The Curtis Institute of Music - long a conservatory with primacy in orchestral, vocal, piano, and solo career training - will inaugurate a new instrumental program next fall: classical guitar.
David Starobin, the venerable guitarist, and Jason Vieaux, a more recent star in the field, will be the program's two professors. The school is taking applications now, and will hold auditions in the spring and accept as many as four students who would matriculate a year from now.
It is Curtis' first new program since expanding into harpsichord two decades ago, and is the manifestation of Curtis director Roberto Díaz's desire to encourage new areas of emphasis.
The guitar program is made possible by the largesse of new board member Baroness Nina von Maltzahn, whose Fondation Charidu provided $1.5 million to endow a faculty chair. That was matched with a gift of equal value from Curtis board chairman H.F. "Gerry" Lenfest. Curtis is increasingly engaging support internationally; Maltzahn and her husband, Lothar von Maltzahn, live in Berlin.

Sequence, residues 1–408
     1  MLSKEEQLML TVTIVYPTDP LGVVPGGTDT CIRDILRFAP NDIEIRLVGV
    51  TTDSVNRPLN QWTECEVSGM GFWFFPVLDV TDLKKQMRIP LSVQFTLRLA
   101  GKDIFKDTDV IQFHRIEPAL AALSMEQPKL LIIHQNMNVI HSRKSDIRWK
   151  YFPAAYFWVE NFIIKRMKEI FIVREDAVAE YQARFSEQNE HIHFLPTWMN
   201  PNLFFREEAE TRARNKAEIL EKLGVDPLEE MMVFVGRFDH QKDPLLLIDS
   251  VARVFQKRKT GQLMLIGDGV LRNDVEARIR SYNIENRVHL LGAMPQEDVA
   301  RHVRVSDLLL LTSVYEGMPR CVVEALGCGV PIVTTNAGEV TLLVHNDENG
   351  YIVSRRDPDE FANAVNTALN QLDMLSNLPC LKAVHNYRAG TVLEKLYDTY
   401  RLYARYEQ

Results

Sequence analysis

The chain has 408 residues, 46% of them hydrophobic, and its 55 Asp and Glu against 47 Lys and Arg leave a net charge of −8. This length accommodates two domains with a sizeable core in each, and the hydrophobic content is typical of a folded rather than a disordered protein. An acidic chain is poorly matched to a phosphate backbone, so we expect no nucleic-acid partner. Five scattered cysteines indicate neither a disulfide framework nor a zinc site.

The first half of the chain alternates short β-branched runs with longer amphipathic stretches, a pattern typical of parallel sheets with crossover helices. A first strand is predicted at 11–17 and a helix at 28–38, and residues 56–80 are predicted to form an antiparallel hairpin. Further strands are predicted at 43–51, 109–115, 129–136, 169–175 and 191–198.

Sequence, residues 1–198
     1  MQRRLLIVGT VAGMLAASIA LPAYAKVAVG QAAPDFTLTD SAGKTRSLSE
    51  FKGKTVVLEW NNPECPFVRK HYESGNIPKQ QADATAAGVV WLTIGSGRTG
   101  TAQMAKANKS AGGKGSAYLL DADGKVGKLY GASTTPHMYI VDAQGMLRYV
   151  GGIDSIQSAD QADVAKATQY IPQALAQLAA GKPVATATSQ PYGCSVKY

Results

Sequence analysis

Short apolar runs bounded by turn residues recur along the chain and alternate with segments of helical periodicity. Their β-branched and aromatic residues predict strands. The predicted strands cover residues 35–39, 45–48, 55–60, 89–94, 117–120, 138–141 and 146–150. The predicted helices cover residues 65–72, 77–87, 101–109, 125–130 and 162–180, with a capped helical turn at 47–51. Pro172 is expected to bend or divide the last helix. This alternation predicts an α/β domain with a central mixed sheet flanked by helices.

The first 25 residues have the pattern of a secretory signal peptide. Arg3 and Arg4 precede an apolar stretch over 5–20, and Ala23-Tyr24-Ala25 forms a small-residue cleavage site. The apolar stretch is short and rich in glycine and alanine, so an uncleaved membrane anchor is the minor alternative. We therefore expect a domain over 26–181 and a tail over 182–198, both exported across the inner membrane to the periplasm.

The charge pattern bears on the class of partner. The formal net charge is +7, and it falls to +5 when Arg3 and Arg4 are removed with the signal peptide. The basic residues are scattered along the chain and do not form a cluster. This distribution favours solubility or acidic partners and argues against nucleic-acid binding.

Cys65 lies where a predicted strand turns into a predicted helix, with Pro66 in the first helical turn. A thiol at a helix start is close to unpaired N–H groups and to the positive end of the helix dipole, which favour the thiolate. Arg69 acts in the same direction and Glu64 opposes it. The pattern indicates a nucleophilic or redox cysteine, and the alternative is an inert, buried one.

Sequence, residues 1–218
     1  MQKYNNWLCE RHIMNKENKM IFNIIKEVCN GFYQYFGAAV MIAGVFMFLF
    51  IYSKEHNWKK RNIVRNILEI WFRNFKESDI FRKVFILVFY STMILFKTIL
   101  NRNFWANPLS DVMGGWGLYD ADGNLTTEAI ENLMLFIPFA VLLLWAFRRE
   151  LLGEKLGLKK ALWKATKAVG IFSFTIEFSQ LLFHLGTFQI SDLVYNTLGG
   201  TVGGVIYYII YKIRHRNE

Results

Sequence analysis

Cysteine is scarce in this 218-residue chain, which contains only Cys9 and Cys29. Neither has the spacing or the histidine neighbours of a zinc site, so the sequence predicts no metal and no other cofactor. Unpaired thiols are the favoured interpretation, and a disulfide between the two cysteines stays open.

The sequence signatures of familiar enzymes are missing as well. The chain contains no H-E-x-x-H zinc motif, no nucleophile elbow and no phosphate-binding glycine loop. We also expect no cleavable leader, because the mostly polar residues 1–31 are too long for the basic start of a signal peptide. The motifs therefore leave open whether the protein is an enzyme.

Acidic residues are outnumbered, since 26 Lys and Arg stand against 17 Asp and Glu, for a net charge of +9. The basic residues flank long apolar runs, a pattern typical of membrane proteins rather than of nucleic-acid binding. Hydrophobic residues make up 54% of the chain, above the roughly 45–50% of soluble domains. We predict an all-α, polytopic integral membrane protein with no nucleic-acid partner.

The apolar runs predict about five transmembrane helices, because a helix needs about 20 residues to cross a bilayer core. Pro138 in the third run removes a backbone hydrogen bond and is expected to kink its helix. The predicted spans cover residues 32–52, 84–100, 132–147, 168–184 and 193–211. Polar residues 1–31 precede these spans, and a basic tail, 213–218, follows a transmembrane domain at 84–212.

The selection of Starobin and Vieaux is consistent with the school's intensified focus on augmenting musical education with training in career management and entrepreneurial skills. Starobin, 58, is not only a highly respected guitarist, but also founder of a recording company, Bridge Records. He maintains an artist-management arm with a small roster of musicians. Vieaux, 37, an Astral Artists alum and head of the guitar department at the Cleveland Institute of Music, has fashioned a visible solo and chamber music career. Both have been active in spurring the creation of new repertoire for their instrument.
Each guitar student will study with both Starobin and Vieaux - another shift at the school, where, in the past, pupils have often maintained fidelity to a single faculty member.
The Lenfest gift is part of an ongoing program established by the Philadelphia philanthropist in which he has offered as much as $17 million in matches for gifts from others to endow faculty positions. To date, he has given $12 million through the challenge.
Contact music critic Peter Dobrin at firstname.lastname@example.org or 215-854-5611. Read his blog at www.philly.com/philly/blogs/ artswatch.